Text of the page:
Ian Julie, associate professor of emergency medicine and medical director for the simulation center, gave lectures to the participants focused on airway management and best practices for handling medical codes.

“It’s exciting to work with health care professionals from different countries and to share our knowledge so that these professionals are prepared to deal with any and all emergencies that might occur in the course of the surgeries they provide around the world,” Julie said. “By practicing various scenarios in the simulation center, we can help prepare them to tackle any serious medical issues that arise in the course of their invaluable efforts.”

A group of women wearing surgical masks and blue hats with the word “Orbis” printed on them in white sit around a conference table.
Health care professionals from Bolivia, Chile and Peru debrief after a hands-on training session at UC Davis Health.

About the UC Davis Center for Simulation and Education Enhancement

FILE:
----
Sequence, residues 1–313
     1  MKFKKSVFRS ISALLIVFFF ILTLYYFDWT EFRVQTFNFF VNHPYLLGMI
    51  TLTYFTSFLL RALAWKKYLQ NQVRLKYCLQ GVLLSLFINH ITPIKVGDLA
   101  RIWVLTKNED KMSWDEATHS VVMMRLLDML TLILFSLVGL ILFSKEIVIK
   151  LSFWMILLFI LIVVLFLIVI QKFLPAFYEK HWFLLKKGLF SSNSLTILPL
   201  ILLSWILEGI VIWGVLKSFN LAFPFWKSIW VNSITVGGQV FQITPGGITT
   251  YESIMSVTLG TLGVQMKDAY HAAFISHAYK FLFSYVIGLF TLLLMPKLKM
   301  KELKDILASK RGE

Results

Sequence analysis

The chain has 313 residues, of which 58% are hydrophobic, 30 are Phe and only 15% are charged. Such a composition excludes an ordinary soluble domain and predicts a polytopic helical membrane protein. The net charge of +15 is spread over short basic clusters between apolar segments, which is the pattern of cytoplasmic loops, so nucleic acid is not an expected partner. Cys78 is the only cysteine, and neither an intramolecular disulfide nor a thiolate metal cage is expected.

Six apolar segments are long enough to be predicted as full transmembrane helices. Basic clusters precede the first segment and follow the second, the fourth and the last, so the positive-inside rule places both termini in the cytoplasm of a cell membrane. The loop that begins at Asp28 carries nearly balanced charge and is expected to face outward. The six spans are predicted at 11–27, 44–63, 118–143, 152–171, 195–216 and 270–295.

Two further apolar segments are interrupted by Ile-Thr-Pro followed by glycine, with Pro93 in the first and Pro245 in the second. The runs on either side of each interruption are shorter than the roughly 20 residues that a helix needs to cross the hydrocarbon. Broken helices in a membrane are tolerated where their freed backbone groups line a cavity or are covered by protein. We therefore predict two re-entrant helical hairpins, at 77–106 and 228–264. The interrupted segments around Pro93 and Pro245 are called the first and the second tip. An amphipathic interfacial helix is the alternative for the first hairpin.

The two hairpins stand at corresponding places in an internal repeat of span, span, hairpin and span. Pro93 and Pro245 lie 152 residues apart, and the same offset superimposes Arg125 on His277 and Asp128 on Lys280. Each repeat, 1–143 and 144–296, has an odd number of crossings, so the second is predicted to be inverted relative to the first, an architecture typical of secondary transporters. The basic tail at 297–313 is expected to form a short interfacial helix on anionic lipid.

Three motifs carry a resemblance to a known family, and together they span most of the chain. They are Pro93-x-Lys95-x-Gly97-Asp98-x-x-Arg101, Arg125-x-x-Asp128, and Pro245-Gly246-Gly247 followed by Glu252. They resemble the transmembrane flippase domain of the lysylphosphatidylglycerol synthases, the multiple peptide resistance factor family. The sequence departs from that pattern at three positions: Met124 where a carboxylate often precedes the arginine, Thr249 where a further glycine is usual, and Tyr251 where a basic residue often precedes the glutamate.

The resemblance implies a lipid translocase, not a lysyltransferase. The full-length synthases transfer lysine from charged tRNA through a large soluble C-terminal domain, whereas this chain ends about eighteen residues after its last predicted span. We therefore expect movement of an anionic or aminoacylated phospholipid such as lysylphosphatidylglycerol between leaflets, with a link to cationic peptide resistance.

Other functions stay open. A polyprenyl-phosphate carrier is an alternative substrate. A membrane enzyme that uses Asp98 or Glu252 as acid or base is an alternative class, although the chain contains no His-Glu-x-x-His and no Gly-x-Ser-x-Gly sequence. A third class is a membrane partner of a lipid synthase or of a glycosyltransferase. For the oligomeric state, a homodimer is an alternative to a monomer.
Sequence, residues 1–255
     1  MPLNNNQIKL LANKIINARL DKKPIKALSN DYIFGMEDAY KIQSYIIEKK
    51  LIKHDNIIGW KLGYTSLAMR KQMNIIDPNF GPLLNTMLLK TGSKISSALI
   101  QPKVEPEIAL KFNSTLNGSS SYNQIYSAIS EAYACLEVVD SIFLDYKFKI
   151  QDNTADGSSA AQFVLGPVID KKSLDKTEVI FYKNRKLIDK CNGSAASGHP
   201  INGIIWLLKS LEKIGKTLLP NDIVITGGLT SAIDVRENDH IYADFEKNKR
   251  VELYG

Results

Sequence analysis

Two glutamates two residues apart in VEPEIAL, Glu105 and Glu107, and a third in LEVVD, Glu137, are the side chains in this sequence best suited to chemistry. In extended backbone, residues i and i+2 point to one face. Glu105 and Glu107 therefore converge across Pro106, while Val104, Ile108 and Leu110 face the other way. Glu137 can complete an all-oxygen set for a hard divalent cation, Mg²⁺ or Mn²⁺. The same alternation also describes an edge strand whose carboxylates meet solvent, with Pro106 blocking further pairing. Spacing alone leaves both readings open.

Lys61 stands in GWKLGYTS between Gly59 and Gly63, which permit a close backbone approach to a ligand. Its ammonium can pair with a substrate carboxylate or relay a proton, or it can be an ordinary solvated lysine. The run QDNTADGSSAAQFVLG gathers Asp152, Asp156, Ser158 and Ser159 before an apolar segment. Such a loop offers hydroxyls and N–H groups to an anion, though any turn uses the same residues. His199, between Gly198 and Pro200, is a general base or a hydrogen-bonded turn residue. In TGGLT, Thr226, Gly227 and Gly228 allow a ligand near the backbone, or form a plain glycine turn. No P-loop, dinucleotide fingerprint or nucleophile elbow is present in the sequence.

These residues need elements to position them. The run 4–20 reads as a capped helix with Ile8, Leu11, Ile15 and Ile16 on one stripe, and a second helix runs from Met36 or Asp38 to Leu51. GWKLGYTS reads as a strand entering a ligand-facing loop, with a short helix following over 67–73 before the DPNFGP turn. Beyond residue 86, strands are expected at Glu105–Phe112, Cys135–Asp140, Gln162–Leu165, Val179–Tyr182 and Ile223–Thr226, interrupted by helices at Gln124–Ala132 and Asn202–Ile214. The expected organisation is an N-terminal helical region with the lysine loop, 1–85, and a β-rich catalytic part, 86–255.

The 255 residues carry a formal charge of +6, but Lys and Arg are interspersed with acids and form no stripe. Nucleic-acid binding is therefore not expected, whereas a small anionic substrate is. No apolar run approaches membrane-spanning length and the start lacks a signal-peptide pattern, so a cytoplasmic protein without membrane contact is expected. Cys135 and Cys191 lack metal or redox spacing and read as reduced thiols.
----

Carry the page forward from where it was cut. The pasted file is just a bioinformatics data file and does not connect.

The UC Davis Center for Simulation and Education Enhancement is a state-of-the-art health care simulation center focused on interprofessional medical education and research activities. Since its humble beginnings on the first floor of the UC Davis Medical Center, the simulation center has grown to include more than 10,000 square feet of dedicated simulation space on the third floor of the UC Davis Center for Health and Technology. In addition to patient simulators with advanced lifelike physiology, the center features a trauma bay, operating room, inpatient unit, six-bay patient ward area, task training room, technology-enhanced classrooms and standardized patient exam rooms. It’s accredited as a Comprehensive Education Institute by the American College of Surgeons. For more information, visit the website.